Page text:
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$10 million ransom demand for South African cruising sailors

by Sail-World Cruising round-up on 29 Jan 2011
Bruno Pelizzari and Deborah Calitz - $10 million ransom demanded .. .
According to previously reliable sources, Somali pirates holding two South African cruising sailors have demanded a $10 million ransom from the South African government.

This was confirmed by the director of the East African Seafarer's Assistance program in Mombasa, Andrew Mwangura, who has previously always been reliable in his reportage of piracy incident situations. According to South Africa's Mercury, they were also given this information by a source close to the family of one of the abducted sailors.

Cruising couple Bruno Pelizzari and Deborah Calitz had left their own boat, on which they lived, to assist Peter Eldridge sail his yacht Choizil south along the eastern coast of Africa. They were hijacked on 1st November, and were forcibly sailed north again. When the engine seized and the yacht ran aground, the Somali pirates attempted to take the three on land. Skipper Eldridge refused to disembark, and was left on board. He then jumped overboard and was rescued by a Dutch warship. Pelizzari and Calitz were taken inland in Somalia and little has been heard of them since, until this recent demand.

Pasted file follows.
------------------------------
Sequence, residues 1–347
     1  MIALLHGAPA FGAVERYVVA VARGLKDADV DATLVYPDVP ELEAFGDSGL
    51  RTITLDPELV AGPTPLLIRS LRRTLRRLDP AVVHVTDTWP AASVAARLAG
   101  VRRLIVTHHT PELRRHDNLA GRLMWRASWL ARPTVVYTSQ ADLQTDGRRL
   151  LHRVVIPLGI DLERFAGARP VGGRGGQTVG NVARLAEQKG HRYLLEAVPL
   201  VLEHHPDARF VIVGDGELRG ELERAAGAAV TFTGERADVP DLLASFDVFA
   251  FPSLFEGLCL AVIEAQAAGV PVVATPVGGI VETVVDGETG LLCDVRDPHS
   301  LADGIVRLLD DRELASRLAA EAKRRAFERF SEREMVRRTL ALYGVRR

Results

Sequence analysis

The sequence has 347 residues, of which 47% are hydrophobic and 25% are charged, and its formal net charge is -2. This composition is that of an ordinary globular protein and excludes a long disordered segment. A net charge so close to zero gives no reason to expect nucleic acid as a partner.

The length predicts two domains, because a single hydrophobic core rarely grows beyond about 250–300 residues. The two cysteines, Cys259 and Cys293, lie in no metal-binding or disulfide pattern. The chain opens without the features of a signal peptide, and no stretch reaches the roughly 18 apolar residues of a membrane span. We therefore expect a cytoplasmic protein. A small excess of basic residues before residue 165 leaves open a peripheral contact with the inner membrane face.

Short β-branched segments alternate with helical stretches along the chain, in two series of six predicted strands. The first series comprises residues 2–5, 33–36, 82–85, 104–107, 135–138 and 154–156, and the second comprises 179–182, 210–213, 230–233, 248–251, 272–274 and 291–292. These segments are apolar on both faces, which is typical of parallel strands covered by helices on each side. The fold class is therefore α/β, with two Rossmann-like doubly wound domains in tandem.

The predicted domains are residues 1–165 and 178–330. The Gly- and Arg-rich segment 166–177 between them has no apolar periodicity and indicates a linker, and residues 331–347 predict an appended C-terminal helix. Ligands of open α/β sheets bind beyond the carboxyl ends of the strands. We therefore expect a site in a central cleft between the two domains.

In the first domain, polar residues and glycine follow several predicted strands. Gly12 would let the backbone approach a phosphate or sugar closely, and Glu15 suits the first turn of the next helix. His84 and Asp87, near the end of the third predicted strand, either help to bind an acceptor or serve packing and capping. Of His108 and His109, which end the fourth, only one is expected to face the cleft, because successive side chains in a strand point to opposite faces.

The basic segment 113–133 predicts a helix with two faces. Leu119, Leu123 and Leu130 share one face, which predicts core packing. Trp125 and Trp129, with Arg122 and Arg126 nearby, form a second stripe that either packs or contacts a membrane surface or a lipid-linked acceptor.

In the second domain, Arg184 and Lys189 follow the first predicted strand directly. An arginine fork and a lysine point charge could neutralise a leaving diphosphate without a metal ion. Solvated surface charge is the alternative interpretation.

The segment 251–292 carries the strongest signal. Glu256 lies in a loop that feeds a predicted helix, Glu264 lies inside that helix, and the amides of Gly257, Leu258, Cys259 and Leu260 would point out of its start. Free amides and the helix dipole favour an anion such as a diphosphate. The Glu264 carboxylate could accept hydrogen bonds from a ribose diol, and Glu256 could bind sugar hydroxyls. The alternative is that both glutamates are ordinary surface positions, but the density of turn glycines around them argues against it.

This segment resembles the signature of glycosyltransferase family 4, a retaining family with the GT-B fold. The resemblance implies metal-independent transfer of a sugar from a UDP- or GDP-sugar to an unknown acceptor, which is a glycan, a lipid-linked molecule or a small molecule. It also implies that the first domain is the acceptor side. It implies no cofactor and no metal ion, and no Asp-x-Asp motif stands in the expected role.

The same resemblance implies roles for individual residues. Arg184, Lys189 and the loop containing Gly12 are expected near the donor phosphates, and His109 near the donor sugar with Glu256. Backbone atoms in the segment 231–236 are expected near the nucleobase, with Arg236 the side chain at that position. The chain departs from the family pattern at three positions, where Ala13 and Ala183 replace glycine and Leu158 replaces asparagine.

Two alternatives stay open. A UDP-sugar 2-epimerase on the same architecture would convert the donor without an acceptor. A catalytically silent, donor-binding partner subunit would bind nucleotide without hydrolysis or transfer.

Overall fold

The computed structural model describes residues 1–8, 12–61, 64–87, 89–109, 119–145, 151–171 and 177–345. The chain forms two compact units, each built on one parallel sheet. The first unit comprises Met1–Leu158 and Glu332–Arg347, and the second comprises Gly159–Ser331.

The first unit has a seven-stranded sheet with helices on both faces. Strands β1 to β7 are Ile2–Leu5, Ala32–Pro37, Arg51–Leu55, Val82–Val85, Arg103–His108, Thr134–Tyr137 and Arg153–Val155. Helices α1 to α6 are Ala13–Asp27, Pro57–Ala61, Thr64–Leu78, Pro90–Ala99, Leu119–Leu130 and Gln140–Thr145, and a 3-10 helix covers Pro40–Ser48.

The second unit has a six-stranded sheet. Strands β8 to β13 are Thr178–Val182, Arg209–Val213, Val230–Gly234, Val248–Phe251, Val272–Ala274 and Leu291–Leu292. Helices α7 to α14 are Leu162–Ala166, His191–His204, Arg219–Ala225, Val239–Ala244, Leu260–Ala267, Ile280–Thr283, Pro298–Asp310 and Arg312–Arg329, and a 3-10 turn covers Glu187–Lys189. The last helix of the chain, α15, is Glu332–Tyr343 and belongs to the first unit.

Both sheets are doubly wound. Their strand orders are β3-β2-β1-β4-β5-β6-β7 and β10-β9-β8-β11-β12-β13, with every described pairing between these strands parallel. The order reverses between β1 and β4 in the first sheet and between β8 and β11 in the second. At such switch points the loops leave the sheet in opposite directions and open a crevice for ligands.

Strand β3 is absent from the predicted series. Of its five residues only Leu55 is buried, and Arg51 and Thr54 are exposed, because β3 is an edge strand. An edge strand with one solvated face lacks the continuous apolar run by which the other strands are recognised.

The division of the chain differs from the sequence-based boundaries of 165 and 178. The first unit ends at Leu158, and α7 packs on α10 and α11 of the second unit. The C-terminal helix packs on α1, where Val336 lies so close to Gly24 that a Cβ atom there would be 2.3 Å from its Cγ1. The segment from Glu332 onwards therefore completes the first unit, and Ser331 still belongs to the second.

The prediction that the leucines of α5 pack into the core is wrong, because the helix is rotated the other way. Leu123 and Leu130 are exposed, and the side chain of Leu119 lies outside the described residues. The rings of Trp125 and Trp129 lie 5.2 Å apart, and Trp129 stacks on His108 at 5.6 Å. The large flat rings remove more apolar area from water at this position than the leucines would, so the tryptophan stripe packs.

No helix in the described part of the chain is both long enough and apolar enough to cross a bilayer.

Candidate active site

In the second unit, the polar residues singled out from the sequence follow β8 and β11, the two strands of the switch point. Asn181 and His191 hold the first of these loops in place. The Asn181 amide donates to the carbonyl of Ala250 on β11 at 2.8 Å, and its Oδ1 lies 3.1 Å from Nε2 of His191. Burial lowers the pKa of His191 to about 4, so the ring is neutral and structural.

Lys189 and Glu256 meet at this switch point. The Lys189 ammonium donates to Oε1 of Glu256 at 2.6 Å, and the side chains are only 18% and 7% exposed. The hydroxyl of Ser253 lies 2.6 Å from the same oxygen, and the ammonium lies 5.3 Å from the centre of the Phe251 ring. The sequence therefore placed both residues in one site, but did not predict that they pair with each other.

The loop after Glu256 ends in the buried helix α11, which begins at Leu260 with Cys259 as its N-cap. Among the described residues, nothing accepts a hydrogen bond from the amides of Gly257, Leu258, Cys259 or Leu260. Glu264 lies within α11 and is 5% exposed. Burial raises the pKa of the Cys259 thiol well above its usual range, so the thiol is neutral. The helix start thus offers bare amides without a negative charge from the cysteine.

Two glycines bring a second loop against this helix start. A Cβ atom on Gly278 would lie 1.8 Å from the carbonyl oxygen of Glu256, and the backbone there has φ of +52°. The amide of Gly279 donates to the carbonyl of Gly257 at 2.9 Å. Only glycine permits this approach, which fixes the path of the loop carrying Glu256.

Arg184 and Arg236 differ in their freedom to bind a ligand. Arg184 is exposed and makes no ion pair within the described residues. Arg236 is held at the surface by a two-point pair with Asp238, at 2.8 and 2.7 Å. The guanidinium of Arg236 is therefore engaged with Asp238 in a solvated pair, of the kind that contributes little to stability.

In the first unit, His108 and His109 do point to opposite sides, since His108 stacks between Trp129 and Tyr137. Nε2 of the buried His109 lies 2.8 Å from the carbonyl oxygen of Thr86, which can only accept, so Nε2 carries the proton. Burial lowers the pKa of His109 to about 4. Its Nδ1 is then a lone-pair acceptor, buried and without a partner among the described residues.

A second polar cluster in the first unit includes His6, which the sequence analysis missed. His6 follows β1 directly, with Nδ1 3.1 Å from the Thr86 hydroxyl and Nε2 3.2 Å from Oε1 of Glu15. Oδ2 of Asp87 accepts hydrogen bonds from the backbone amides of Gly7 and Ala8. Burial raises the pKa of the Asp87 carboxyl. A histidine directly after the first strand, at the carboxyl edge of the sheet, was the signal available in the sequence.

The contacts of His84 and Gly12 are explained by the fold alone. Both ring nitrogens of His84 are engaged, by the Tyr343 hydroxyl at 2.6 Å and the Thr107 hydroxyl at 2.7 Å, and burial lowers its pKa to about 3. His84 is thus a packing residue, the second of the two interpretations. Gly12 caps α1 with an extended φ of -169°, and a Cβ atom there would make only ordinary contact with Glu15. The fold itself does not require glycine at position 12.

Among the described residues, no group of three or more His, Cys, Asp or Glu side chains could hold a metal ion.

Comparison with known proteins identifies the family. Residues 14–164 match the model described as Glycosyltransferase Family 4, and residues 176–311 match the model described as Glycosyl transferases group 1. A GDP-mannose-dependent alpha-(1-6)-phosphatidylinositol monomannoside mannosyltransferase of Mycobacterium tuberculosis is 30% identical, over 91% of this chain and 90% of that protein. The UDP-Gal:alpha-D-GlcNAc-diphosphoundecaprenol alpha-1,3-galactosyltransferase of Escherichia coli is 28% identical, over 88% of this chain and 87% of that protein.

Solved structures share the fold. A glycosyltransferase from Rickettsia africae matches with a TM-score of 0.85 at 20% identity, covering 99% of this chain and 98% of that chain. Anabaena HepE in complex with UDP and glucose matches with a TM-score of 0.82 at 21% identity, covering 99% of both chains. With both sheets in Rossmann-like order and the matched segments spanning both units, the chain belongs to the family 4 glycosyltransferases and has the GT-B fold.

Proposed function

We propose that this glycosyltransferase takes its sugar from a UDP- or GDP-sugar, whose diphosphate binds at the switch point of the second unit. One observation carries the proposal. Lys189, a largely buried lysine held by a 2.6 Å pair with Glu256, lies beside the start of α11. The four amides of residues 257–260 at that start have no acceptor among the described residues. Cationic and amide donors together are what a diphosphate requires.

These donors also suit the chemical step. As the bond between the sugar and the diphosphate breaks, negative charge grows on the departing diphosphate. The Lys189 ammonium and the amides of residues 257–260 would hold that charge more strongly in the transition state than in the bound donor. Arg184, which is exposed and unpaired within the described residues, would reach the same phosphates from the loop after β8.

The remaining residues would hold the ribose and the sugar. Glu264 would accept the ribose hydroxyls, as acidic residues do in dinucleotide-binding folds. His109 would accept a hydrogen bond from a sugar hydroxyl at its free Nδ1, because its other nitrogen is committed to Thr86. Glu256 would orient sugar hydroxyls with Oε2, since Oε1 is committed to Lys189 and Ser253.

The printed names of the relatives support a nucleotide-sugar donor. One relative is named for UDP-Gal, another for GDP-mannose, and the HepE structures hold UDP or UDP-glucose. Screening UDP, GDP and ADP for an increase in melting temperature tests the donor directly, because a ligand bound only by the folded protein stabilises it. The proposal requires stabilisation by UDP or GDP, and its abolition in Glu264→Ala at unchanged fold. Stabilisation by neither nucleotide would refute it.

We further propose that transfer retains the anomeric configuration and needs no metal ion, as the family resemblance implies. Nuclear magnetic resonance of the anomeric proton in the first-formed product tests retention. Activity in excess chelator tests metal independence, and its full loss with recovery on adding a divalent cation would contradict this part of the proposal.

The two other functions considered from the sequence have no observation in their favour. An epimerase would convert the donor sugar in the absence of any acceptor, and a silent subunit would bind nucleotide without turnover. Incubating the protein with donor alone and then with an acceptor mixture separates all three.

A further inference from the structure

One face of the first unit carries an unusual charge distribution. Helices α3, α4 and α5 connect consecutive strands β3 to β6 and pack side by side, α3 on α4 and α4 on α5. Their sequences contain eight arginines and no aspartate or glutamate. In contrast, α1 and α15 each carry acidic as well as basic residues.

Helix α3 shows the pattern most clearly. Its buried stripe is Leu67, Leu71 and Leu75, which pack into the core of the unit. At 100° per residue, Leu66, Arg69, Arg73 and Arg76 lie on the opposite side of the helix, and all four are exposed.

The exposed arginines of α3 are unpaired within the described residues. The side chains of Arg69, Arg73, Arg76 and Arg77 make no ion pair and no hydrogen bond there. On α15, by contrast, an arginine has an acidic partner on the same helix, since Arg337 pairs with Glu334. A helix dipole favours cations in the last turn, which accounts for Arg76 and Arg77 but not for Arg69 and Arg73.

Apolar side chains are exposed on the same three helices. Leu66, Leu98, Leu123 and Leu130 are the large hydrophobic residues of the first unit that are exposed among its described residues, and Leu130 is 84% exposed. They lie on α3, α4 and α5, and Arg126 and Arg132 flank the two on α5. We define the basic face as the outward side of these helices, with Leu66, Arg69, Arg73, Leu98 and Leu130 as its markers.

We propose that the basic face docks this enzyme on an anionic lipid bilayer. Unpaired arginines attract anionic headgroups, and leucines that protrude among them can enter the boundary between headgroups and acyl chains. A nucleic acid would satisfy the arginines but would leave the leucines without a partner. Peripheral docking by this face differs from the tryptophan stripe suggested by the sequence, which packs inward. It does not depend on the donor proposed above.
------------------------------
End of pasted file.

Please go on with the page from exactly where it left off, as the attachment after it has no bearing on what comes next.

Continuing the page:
The pirates have reportedly also said that unless the ransom is paid, they will 'make and example' of their hostages.

When phoned for comment on Thursday regarding the ransom, a relative of Pelizzari did not wish to comment. However, the relative did say that the family had written to the Department of International Relations and Cooperation asking them for advice on what to do, and how to take the issue forward. The department then called the family to Pretoria to discuss it.

This meeting is scheduled to take place on Monday, the same day the department is due to hold a media briefing on the situation.

Andrew Mwangura also commented that all hostage negotiations were currently 'on hold' because the pirates were 'jumpy' and 'under pressure', because currently there was much military action in the area, which is crisscrossed with competing powers, some of them Islamic militants, not pirates.

Mwangura also confirmed that the pirates did not know initially that Pelizzari and Calitz were South African, as Pelizzari is of Italian descent and Calitz of English descent. However, when they found out 'it maybe complicated their mission'.

He added that there was the possibility that the $10 million ransom might be dropped to $7 million or even $6 million.
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